Making tracks

No cycle track at camp? Design your own!

Outdoor Educator David Gregory describes a very different building project and the benefits it brings for those students participating.

A new experience

Until the other week, I’d only ever run a “building” activity during a residential camp where students built something and then by the end of the session, they dismantled it. Most of this was for initiative activities such as raft building, where part of the exercise was for teams of students to create a working raft from scratch and cross a river with it.

Usually, no matter how good the rafts might be, everyone ends up drenched. However, last week the activity was mountain biking and since the campus didn’t have any mountain bike tracks on it at all, we had to start from scratch.



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Designing from scratch

This was both a fun activity, but also a great learning experience for me to see the different team dynamics as the students designed and built something from scratch that was going to be a permanent fixture on the campus. We started off in the classroom where the students worked out all the key features they wanted for the track.

There were obstacles, drop downs, water features, berms ( a kind of ridge or raised area) and even criss-crossing of the track back on itself. This last feature, I had to overrule mainly for common sense reasons, as some of the students didn’t quite understand that riding a mountain bike opposite ways on a single track had the potential for disaster.

Building the course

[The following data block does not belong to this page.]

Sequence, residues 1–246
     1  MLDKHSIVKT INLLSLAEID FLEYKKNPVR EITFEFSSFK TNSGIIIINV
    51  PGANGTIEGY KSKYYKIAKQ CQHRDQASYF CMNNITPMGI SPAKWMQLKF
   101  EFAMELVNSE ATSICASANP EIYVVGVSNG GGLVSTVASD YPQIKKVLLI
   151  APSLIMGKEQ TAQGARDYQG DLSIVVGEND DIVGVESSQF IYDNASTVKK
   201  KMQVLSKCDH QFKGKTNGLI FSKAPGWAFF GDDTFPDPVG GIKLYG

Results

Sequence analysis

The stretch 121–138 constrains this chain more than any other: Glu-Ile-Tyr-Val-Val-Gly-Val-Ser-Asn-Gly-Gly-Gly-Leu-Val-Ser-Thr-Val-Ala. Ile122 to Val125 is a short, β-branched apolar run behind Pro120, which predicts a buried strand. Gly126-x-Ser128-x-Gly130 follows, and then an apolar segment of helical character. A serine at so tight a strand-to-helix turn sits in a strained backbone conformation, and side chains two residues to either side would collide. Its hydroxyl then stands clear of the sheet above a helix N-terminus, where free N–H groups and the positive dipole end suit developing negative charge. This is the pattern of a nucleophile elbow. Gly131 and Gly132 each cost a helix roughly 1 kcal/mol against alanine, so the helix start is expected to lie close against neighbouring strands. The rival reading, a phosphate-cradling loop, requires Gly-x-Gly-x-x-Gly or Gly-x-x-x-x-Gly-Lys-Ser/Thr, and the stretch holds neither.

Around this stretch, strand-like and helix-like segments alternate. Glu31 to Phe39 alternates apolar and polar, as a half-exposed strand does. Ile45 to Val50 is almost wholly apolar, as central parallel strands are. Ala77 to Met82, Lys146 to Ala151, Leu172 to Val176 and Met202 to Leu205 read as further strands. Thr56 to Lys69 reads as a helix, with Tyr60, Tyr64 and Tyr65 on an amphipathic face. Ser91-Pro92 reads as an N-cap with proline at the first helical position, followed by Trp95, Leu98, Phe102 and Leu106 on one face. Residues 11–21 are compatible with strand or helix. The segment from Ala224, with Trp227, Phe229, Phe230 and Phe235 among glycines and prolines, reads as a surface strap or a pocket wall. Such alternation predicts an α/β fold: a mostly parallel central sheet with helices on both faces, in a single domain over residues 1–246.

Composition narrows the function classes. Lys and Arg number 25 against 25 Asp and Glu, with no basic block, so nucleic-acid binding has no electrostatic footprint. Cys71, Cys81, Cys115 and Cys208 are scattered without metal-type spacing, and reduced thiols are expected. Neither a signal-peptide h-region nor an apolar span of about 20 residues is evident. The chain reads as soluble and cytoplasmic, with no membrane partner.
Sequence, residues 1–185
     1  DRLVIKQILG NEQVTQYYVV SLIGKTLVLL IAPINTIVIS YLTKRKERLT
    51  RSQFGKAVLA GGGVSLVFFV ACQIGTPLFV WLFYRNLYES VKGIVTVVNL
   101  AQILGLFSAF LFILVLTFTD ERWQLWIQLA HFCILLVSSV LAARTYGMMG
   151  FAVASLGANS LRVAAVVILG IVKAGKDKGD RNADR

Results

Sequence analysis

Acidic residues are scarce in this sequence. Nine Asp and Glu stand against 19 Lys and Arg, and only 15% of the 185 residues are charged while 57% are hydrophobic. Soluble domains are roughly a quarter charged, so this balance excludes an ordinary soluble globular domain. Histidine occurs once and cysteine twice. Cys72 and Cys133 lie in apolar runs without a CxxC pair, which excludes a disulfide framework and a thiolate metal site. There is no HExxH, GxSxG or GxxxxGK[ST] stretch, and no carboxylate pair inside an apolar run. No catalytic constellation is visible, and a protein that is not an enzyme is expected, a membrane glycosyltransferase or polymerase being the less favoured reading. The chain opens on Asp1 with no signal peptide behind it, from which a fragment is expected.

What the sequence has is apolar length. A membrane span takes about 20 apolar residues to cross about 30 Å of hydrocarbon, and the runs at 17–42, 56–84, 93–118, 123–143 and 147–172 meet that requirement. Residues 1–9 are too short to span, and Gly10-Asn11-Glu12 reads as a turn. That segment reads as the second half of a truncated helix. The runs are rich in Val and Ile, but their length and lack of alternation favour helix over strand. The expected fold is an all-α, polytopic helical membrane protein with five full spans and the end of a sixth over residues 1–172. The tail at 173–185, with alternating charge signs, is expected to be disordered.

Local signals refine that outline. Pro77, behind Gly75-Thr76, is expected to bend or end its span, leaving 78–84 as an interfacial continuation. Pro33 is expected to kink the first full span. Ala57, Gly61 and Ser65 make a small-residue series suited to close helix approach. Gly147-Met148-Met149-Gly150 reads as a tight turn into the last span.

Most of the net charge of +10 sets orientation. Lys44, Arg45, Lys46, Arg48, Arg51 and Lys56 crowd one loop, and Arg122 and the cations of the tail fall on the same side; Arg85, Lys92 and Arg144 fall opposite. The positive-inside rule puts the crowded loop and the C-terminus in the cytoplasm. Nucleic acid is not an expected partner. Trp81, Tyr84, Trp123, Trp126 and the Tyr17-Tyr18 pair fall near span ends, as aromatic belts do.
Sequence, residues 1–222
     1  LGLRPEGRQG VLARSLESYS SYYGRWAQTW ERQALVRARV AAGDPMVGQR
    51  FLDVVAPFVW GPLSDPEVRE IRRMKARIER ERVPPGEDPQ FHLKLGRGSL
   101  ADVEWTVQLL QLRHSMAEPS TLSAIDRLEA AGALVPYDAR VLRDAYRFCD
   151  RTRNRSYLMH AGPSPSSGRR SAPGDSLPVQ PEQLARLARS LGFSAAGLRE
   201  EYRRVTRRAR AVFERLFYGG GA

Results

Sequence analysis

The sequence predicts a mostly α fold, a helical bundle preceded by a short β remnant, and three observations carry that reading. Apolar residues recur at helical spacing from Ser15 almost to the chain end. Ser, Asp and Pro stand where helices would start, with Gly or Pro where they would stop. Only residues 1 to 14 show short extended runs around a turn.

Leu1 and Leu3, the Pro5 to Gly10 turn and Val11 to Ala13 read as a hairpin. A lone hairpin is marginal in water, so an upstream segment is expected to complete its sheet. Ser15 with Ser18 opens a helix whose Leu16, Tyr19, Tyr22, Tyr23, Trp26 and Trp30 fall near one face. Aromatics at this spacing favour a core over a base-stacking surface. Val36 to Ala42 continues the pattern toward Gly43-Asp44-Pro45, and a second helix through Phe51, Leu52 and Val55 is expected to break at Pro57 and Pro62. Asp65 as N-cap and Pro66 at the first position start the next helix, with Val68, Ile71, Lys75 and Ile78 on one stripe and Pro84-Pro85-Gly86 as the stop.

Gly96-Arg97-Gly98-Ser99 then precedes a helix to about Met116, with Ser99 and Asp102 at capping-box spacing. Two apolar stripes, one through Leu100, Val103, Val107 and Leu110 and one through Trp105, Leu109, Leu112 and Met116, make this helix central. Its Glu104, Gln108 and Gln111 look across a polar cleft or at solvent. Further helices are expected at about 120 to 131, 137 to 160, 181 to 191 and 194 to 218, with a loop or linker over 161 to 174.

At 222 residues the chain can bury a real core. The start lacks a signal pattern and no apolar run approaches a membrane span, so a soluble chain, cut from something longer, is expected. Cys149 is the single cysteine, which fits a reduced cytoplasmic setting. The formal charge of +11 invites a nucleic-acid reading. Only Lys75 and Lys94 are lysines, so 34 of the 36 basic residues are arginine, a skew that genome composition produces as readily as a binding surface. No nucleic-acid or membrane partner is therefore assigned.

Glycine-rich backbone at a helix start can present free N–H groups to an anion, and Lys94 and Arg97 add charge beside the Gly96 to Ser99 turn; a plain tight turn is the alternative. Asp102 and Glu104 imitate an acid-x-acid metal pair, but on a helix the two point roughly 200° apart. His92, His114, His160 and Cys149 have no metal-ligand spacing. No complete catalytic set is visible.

With a few different design ideas in mind, we headed out. It wasn’t long before the boys attacked the course with various tools, scratching out the basic shape with rakes and shovels then angling each twist and turn to make sure enough speed could be gained to be able to clear objects or power through the berms. There were already a couple of massive fallen trees scattered about the place, so they were easy spots for various rollovers to be built.

I’d imagined that at the start of the day, we would’ve made it an hour in and I’d have had a group of students leaning on shovels complaining about how boring this was and they just wanted to ride their bikes. Instead, I had some of them not even wanting to stop for lunch, as they continued to pour endless amounts of energy into building the track.

What I loved about this was the fact that they’d taken complete ownership of the build. The teamwork was natural and completely unforced, which can often be the case in initiative games. The other instructor and I ended up just being there for safety and to move large objects with the tractor when asked. The reality was that it was the students’ mountain biking track, not ours, which made a massive difference and after six hours of endless toil, they had a ridable course with two rollovers, a few muddy berms and a winding boardwalk with step ups and drop downs.

On track

With their tools finally down, the boys jumped on their bikes and one after another, rode around and around and around the course. Cautiously, at first, they checked out each part, however, as they became more confident, they cleared each rollover faster and enthusiastically ripped around the corners with style.

As the light faded, we managed to tear the students away from the track. The only discussion over dinner was about how they were going to extend the track even further and make it even better.

What was so wonderful about this, as opposed to other team building activities I’ve done, was the fact that the students were so passionate about it. What they were building wasn’t just going to be torn to pieces at the end of the day. It was and is going to last well beyond their time at camp and this seemed to instill a deep pride in them for what they were doing.

All in all, it was a wonderful day, which started out with an idea and ended up with a cohesive team and one awesome mountain bike track!


David Gregory

David is an experienced outdoor education teacher from Australia who’s worked on various domestic and international programs for over 16 years. David has planned and led outdoor education programs for students from primary age, through senior school. David’s a keen snow skier and outside of the outdoors he enjoys museums and art galleries, his favourite being the V&A in London.

For more about David’s work see

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